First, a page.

On March 27, the usually patentee-friendly Eastern District of Texas threw out a patent infringement lawsuit against information technology hosting company Rackspace. It is unclear whether this decision indicates a shift from the court’s patentee-friendly persuasion, or if it is merely an anomalous result brought by a particularly frivolous patent. In either case, this is one of the first reported instances of the Eastern District of Texas dismissing a patent infringement lawsuit in an early stage, and going so far as to invalidate the claim asserted in doing so.
The patentee, Uniloc, alleged that Rackspace’s use of Red Hat’s Linux components infringed its patent, which purported to cover a method processing floating numbers in an arithmetic function. In plain English, the patent is for the method of rounding decimals before, rather than after, adding them together. In a surprising, but very smart decision, the court rightfully found a patent for something as basic as rounding numbers was invalid and dismissed Uniloc’s case.
Uniloc purports to be a developer of security software and technology. Uniloc has been described as a patent troll due to its reputation for very aggressive legal behavior surrounding alleged patent infringement. Most famously, it obtained a $388 million judgment against Microsoft in the 2006 case Uniloc v. Microsoft. This amount was later reduced and the parties settled for an undisclosed amount. Uniloc has sued 73 total defendants to date, including Sony, McAfee, Symantec and Electronic Arts, mostly on the same patent it asserted against Microsoft.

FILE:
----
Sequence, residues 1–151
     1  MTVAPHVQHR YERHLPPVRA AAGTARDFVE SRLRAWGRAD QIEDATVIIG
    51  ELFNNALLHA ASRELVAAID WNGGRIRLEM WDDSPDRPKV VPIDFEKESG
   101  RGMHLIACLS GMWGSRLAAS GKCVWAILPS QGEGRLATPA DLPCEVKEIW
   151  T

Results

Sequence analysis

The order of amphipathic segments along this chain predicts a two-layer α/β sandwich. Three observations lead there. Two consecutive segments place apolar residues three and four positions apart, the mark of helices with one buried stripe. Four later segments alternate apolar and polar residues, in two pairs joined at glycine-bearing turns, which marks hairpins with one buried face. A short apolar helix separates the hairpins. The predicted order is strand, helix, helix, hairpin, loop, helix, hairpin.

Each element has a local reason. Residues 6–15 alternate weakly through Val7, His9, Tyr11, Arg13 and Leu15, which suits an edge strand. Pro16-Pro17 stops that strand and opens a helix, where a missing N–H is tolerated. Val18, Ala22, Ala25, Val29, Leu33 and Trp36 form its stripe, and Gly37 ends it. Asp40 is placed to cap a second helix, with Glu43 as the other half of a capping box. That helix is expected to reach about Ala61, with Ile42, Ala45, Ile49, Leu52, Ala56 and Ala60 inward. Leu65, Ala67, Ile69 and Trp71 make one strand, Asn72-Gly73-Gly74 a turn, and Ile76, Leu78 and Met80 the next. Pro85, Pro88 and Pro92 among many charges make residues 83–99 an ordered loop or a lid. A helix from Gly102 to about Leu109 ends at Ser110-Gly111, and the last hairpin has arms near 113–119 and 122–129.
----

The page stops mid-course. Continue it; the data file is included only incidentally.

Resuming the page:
In the Rackspace case, Uniloc was using a different patent. If you want to read through the details of it, a link is here. The patent had only one claim, which is the method of rounding numbers before entering them into an arithmetic function, rather than entering the unrounded numbers and rounding the result. They alleged that Linux was violating their patent because it complies with Institute of Electrical and Electronics Engineers (IEEE) Standard 754 which defines various mathematical functions, arithmetic and otherwise, for processing floating point numbers in a computer processing unit (CPU). The Linux component that uses IEEE Standard 754, known as the Linux kernel, was the allegedly infringing technology.
To obtain a patent, the applicant’s contribution must be an invention, as opposed to a discovery of an abstract principle. Anything that is not invented by man—laws of nature, abstract ideas, and physical phenomena—is not. No matter how ingenious it may be, a mathematical formula is a law of nature, not an invention, and as such it cannot be patented.
The patent claim was held to cover a mathematical formula rather than an invention. Red Hat, which provided Rackspace’s legal defense, argued successfully that the case should be dismissed for failure to allege infringement of patentable subject matter.